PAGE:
THE SHAPE OF WATER (USA / Canada / 15A / 123 mins) Directed by Guillermo del Toro. Starring Sally Hawkins, Michael Shannon, Richard Jenkins, Octavia Spencer, Michael Stuhlbarg, Doug Jones. THE PLOT: Baltimore, the 1960s. Elisa (Sally Hawkins) is a mute cleaning lady who works at a top secret Government research facility. She lives above a cinema that shows biblical epics with world-weary artist Giles (Richard Jenkins). Elisa is an unassuming person, the kind that is hardly noticed by others. However, she’s certainly noticed by the new ‘asset’ that arrives. The asset is a sea creature (Doug Jones) from South America, where the locals worship it as a god. It was captured by security man Richard (Michael Shannon). He thinks it’s nothing more than a savage beast and beats it accordingly. However, Elisa comes to realise that the ‘it’ is really a ‘him’ – a breathing, thinking, feeling lifeform. Unafraid of him, she forms a bond that transcends species… THE VERDICT: Guillermo del Toro has always been fascinated with monsters, otherworldly creatures and the magical possibilities of cinema to give them other qualities. Heavily influenced by legendary special effects master Ray Harryhausen, del Toro has always had the ability to give his creatures a sympathetic, almost human aspect. ‘The Shape Of Water’ is no different, but here he takes it another level which makes it one of his most poetic films.
On a surface level, it bears some similarities to schlocky B-movie ‘The Creature From The Black Lagoon’, with a dash of ‘Splash’ and more than a hint of ‘Beauty And The Beast’. However, del Toro’s script with Vanessa Taylor is entirely original and entirely in tone with his lyrical style of filmmaking. The setting has a Cold War background and features a character who might be a Russian spy. Racism and intolerance is also in the air. While del Toro acknowledges that it exists in this time period, it’s also counterbalanced by compassion and a need for belonging. For this is a story about inter-species love (was Beauty And The Beast any different?).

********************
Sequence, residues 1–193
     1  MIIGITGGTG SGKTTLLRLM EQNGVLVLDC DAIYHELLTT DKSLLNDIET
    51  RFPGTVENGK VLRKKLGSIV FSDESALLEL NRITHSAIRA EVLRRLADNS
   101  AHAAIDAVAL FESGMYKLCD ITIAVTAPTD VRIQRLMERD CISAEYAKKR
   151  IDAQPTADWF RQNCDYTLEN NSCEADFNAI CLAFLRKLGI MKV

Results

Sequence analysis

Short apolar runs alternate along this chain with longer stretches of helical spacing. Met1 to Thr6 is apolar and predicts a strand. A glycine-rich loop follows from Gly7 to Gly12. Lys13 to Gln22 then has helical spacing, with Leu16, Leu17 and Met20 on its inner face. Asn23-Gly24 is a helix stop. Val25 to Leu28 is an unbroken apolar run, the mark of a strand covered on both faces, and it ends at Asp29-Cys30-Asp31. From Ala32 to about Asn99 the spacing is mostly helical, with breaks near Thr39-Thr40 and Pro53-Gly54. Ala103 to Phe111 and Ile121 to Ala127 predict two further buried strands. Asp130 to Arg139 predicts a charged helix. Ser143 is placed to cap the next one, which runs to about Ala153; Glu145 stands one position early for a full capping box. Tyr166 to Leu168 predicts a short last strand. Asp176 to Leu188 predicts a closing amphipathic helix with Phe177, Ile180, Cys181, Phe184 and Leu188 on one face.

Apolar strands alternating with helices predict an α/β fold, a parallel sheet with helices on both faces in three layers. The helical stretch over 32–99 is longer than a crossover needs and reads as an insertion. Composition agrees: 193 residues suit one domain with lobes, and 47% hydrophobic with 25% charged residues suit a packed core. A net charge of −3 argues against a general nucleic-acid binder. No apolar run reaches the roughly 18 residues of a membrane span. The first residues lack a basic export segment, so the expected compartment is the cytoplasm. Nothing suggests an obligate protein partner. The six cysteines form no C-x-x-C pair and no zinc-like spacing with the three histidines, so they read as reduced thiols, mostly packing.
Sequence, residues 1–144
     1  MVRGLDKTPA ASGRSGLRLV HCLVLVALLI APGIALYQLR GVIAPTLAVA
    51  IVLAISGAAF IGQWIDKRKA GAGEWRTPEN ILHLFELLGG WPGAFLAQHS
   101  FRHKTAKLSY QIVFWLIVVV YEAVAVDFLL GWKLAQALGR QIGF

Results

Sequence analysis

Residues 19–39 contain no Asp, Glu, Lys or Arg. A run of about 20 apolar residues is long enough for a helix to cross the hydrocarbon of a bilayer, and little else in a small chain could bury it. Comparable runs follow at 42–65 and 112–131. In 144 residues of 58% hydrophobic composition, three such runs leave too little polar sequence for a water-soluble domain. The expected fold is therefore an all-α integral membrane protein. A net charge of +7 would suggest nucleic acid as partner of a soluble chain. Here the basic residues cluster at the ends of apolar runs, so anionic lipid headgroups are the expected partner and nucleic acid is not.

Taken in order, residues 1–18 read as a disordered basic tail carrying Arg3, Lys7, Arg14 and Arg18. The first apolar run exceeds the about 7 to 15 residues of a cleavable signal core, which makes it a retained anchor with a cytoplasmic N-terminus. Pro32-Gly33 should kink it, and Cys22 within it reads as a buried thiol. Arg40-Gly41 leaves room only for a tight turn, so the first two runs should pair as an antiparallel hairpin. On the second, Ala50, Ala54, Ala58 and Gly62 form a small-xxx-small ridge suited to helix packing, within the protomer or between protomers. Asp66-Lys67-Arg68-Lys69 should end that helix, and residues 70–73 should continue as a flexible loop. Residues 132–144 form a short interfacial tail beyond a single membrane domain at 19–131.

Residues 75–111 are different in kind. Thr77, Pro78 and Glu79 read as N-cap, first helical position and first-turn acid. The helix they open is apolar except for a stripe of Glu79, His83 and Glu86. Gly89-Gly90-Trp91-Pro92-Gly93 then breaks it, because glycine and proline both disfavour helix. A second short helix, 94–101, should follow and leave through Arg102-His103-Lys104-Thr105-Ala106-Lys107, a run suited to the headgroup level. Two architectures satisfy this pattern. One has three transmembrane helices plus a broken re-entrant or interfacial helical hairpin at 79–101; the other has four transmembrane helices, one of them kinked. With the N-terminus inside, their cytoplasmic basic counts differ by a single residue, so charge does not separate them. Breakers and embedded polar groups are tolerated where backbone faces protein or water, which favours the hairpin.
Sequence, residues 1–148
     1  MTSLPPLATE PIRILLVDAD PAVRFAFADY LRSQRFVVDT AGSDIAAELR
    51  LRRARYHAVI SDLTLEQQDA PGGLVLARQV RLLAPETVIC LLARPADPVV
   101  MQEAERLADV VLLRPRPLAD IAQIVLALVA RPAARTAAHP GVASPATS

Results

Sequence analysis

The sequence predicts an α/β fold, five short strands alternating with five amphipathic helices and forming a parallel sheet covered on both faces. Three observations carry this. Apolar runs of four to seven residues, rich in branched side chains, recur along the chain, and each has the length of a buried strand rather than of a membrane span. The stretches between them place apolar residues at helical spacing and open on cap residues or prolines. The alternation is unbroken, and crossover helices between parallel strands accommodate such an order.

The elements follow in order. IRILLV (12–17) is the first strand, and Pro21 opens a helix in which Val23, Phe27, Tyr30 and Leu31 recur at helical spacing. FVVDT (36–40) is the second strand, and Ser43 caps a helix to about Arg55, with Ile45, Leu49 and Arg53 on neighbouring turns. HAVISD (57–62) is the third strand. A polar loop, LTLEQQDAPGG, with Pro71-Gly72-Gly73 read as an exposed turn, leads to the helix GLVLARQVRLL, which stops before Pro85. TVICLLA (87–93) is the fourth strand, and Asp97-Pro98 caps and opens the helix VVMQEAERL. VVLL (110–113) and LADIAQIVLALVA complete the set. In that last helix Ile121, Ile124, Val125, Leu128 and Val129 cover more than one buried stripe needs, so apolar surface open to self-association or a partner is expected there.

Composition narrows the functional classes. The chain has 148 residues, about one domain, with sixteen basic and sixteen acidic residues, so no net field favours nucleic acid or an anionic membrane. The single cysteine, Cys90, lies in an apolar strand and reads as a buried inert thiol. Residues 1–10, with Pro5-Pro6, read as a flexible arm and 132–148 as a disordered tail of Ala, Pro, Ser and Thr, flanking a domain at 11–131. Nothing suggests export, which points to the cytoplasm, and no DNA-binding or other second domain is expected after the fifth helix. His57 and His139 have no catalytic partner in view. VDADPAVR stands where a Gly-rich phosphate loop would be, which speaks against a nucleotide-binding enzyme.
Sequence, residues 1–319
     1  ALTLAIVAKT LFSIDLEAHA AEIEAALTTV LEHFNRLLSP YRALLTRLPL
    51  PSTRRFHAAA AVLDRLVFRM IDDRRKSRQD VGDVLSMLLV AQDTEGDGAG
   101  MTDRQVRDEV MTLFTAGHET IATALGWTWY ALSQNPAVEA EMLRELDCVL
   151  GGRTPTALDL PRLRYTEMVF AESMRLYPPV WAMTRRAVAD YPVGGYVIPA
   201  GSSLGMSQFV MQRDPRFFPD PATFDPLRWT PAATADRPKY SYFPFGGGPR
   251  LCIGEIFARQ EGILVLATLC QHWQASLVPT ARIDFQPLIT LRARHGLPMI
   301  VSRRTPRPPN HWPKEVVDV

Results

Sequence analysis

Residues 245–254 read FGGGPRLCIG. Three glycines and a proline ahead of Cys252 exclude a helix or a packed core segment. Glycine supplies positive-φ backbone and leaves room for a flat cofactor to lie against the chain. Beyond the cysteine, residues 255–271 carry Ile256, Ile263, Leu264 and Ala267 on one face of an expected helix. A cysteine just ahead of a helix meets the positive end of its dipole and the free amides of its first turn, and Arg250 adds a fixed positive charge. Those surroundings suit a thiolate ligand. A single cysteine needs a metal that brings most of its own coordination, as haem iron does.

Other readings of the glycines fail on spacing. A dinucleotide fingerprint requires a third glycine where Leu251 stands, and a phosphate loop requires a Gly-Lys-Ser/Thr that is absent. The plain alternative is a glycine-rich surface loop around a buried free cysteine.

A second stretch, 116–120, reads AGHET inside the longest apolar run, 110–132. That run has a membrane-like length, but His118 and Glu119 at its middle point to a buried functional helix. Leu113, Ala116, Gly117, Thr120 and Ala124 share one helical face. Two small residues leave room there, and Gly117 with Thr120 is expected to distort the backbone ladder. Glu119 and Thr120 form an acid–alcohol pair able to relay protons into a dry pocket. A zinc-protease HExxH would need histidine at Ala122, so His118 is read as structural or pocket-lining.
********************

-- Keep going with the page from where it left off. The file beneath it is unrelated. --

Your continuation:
The script is so well-written that it requires little dialogue to easily make the transition from a possible mad scientist film to a tender love story. Major credit for this must go to Hawkins, who was del Toro’s only choice for the role of Elisa. As she so ably demonstrated in ‘Maudie’ last year, she has a natural ability to get to the humanity of her characters in just one or two scenes. Despite the presence of Richard, Elisa is not so much lonely but alone. With no dialogue and only using sign language, it’s all her in face – whether it’s curiosity, mischievousness or keeping a poker face when confronted by Shannon’s Government stooge. It’s a terrific performance, certainly worthy of awards attention.
The startling creature design harkens back to ‘The Creature From The Black Lagoon’, but also recalls Abe Sapien from ‘Hellboy’. Once again played by del Toro’s go-to creature guy Doug Jones, it’s a curious but entirely credible character – both non-human and human at the same time. There’s a playful sense of humour to the character too, so when that transition to a love story comes it feels like it’s necessary for the plot to keep moving. That’s not all though – del Toro even boldly adds in a brief but charming musical number. Eat your heart out, Busby Berkeley.
It may be a bit unsophisticated to release ‘The Shape Of Water’ on St Valentine’s Day, as it’s a sweet, lyrical film that deserves a less obvious ploy for audience attention. Yes, it’s a romantic film with a very different twist, but it’s undoubtedly light years ahead of the latest Fifty Shades film. There’s a wistful quality to it that is very del Toro, a fairytale for adults in which things are never quite what they seem. One of the year’s most beautiful films, ‘The Shape Of Water’ is a fishy tale that comes highly recommended. RATING: 4 / 5 Review by Gareth O’Connor